You are right! I have tried a few times to add petals to the ground, but it has been difficult, since the entire area is full of thick, tall yellow grasses. When the petals are on the ground, they are not seen at all, and if they are floating on top of the grasses, they look very wrong. It’s something I just haven’t been able to work out yet.

      • One solution I could see to that is to have them collect in drifts along the stone walls, tree trunks and other artefacts and displace the grass.

        Also, these remind me of the peach tree in my courtyard, and I have the impression that it often drops whole blossoms, which would displace more grass and be more visible.
        This could have just been after a hailstorm though, I would have checked a month ago but all our flowers have faded.

        • I don’t know what I was talking about, the peach should have bloomed in August, after the post… Maybe I’ll remember this year, though with any luck I can admire apple blossoms in-game by then.

  22. That’s lovely work. The birches and conifers are especially nice, but I think the orange autumn foliage takes the cake. That orange is like POW RIGHT IN THE KISSER.

    … I like orange.

  23. I haven’t checked if it’s been asked before, but will there be multi-monitor support for The Witness? Multi-monitor support for FPS games is for competitive advantage, and I usually don’t care enough for it to make a difference. The Witness environment seems so well constructed that two or three monitors could go a long way towards feeling like you were actually on the island. I would shell the extra money out to enhance my rig for multiple monitors of The Witness.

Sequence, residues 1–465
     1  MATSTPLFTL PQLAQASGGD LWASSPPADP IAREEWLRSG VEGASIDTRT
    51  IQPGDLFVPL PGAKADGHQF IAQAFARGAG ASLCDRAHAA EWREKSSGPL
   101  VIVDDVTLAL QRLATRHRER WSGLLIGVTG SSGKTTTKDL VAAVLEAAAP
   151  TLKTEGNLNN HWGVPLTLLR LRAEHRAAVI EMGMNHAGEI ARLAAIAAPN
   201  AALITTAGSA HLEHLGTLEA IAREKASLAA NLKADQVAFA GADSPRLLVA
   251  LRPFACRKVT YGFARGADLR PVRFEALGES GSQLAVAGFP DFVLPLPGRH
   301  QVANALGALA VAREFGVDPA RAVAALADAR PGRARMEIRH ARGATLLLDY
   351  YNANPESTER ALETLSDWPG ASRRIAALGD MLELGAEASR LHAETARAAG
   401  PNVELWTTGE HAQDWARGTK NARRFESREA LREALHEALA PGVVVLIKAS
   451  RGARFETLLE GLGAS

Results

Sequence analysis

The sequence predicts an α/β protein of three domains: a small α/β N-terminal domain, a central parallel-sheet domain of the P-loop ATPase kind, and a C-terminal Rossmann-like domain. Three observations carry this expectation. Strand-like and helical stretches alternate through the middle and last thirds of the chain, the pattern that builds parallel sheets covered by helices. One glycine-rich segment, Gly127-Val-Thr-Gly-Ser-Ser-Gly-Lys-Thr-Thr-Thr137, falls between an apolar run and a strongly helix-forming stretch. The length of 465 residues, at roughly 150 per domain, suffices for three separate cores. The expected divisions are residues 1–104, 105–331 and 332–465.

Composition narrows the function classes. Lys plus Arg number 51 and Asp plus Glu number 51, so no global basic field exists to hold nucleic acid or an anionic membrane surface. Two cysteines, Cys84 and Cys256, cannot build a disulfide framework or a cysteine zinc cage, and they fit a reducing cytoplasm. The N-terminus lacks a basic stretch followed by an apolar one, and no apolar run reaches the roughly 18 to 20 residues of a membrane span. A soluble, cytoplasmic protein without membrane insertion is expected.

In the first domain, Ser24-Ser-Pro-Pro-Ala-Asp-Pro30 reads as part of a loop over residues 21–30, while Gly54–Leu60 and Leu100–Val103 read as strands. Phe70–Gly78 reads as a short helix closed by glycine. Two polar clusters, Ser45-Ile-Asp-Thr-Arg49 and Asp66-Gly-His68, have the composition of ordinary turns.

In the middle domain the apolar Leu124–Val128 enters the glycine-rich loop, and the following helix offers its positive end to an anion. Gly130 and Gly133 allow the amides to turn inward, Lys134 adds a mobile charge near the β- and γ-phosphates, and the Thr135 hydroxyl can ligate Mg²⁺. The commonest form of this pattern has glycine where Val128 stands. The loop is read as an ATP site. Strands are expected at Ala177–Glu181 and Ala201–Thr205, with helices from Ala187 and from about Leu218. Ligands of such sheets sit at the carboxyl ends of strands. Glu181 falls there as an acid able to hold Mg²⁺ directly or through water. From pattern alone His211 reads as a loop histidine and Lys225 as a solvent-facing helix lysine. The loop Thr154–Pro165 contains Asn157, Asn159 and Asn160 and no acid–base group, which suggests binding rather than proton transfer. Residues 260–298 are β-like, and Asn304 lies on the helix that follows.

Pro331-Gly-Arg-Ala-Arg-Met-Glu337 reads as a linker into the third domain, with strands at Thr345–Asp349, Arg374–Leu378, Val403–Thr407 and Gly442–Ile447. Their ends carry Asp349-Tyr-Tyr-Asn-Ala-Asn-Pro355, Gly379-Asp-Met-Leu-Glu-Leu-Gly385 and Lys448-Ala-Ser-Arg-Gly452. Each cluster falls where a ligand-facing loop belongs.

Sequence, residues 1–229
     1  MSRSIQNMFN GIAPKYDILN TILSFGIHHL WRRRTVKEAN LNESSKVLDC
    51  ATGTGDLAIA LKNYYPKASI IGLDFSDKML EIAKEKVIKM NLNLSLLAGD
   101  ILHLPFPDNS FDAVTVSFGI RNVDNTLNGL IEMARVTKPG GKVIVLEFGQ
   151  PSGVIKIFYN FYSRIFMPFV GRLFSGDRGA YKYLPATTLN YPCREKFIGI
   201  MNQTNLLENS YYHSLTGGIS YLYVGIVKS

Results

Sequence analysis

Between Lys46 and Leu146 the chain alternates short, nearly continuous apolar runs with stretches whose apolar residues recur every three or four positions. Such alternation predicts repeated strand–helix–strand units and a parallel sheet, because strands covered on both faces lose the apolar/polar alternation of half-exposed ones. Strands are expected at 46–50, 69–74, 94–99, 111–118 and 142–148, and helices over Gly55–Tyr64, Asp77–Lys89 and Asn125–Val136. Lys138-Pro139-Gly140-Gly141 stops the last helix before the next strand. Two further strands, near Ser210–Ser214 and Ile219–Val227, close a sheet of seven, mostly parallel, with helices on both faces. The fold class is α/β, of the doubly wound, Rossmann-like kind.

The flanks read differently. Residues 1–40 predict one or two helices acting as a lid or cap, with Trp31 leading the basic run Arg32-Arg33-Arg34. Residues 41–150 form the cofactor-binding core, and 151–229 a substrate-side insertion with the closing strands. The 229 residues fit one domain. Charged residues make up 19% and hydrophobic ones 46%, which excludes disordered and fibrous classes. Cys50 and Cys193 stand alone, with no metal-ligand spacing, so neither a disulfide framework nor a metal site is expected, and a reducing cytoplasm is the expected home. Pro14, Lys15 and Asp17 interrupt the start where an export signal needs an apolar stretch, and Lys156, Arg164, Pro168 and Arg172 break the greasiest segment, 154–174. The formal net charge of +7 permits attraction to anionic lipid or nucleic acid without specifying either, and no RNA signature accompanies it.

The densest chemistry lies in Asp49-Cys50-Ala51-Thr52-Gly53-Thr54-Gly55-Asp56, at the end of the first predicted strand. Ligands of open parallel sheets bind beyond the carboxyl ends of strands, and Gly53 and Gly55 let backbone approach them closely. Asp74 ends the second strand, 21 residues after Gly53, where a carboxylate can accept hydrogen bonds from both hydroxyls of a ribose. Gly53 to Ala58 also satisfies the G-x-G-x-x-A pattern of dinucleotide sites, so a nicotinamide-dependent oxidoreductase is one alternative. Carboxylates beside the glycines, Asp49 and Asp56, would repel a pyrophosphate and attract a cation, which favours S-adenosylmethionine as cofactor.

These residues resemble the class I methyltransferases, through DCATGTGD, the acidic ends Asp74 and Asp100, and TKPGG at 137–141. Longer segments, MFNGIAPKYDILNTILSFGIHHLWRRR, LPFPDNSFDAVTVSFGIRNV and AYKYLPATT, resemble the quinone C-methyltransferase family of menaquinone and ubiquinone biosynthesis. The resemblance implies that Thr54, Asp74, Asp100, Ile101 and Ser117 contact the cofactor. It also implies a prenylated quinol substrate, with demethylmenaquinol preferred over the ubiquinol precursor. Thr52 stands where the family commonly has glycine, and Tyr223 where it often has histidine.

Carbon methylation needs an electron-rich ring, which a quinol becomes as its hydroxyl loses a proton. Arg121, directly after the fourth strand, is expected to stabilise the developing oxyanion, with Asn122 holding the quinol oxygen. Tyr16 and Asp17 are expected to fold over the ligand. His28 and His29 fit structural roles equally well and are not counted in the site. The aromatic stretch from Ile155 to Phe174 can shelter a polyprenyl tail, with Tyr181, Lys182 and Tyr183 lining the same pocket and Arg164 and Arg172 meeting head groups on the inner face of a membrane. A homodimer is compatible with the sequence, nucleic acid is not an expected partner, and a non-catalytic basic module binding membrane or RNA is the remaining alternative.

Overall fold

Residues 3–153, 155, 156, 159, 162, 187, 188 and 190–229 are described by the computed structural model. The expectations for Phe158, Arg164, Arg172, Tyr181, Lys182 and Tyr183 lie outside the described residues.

24. No technical skills from me to speak of, but boy the island is looking beautiful. Super excited for every update, and eventually release! Thanks guys.

  25. Beautiful work, just stunning. The Eucalyptus and the Wisteria make me want to see what a Weeping Willow would look like in this style.

  26. These trees are gorgeous, Orsi. I’m inspired by the thought and effort you’ve put into this one detail.

  27. Looking suh-WEET!

    Thing is, I’ve been 100% faithful to my iPad 2 lo these 2 1/2 years.
    Well, there was that one thing in Cabo — but she meant nothing …
    Anyhoo, I’m wondering if my stalwart primary computational device can handle all of the graphical
    & audioacal splendiferousness that is “The Witness”?

    Or, upon loading of the splashscreen, will wisps of smoke start curling out the back? lol

  28. I have kind of a technical question about how these trees are actually modeled / rendered, if you don’t mind talking about it. Are they basically just a set of intersecting planes with modified normals for lighting (like you see in many games), or are you doing something special beyond just the game’s high-saturation visual style to give such a nice sense of volume? Does the grass use any similar techniques? I know in a previous post there was some discussion about arranging the foliage into clusters of triangles, is that still being used? Thanks in advance if anyone decides to respond. The trees look great!